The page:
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IRS Temporarily Suspends Three Phone Support Lines, IVES Request Processing

Phone Support for Practitioner Priority Service, e-Services Help Desk, and e-Services FIRE and AIR are temporarily down.

Businesses across the country are grappling with the challenges of limiting social contact, and the Internal Revenue Service is no exception. Presumably taking precautionary measures to limit the spread of COVID-19 at IRS locations, the agency today announced via the Quick Alerts for Tax Professionals newsletter that they were temporarily suspending phone support for certain preparer-related services and processing of Income Verification Services (IVES) requests.

Three tax professional-specific support programs are affected by this closure: “Due to staff limitations, Practitioner Priority Service line, the e-Services Help Desk line, and the e-Services FIRE and AIR system help desks are closed until further notice.” While phone support will be unavailable, the IRS said that preparers could use IRS.gov as an online reference resource.

In addition to not accepting new IVES requests, the IRS said they were “experiencing delays with existing IVES processing as well as CAF number authorizations.” While tax professionals will be unable to use IVES to get transcript information during this time, the IRS suggested an alternative: “Practitioners with e-Services accounts and with client authorization can access the Transcript Delivery System to obtain prior-year transcripts.”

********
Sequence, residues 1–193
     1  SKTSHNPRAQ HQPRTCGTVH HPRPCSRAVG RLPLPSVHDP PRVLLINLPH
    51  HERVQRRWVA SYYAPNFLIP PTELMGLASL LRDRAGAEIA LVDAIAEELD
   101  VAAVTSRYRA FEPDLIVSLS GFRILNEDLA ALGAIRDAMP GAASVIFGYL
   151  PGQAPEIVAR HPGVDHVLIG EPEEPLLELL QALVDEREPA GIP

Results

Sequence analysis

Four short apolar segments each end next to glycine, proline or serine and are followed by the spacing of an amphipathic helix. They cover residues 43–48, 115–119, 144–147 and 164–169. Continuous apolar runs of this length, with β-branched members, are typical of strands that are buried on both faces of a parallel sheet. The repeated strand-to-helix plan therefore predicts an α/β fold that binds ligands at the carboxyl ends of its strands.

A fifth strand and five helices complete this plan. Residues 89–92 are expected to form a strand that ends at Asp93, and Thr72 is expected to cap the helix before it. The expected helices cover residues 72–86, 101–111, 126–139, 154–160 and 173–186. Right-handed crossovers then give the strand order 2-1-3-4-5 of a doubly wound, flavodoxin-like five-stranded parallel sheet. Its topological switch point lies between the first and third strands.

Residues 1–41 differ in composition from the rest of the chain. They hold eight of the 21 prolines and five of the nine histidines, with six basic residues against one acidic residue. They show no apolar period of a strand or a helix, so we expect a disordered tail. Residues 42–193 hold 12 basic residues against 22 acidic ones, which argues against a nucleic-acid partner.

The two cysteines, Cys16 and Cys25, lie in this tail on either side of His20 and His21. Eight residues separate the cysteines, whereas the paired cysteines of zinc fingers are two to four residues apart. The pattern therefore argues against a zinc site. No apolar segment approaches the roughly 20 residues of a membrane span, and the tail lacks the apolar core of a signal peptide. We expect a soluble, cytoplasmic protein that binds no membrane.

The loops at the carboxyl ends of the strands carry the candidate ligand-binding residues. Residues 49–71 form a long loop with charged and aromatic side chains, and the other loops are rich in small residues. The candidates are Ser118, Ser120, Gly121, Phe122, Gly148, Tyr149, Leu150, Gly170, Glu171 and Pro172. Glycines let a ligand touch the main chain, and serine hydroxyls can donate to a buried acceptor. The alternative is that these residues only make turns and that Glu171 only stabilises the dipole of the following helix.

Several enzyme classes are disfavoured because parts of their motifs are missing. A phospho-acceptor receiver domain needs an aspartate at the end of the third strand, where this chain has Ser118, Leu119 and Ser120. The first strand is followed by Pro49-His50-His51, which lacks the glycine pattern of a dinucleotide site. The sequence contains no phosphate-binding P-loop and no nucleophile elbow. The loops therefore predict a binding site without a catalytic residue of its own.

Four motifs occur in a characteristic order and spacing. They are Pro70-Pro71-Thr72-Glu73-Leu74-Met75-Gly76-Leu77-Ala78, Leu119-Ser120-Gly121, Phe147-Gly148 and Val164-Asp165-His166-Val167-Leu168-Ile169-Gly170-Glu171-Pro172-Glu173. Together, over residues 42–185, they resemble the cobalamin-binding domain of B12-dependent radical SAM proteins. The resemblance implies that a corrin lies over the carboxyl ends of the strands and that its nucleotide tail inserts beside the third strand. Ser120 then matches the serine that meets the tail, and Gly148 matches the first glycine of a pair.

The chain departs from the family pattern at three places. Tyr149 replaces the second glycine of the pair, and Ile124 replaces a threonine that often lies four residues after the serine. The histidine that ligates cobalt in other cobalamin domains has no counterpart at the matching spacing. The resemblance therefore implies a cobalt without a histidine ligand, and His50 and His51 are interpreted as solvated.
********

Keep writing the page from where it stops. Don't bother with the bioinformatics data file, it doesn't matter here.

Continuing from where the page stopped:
The IRS ended the newsletter by noting they are currently not able to provide information or guidance on the $2 trillion COVID-19 stimulus bill.

Source: 3/27 Update on IRS Services

Ryan Norton

Whether designing superheroes, penciling caricatures, or just doodling, I always knew I was going to earn some sort of art degree while in college. That was my goal before I decided to trade Edgar Degas for Edgar Allan Poe during a Freshman English class. The BA in English soon morphed into a double-major in English and Philosophy, eventually becoming an MA in English. It only makes sense that I learned of a writing opportunity for a local marketing firm while teaching a first-year college English course. Before I knew it, I was writing and editing tax-related articles for Taxing Subjects, and this has been my home since 2014.

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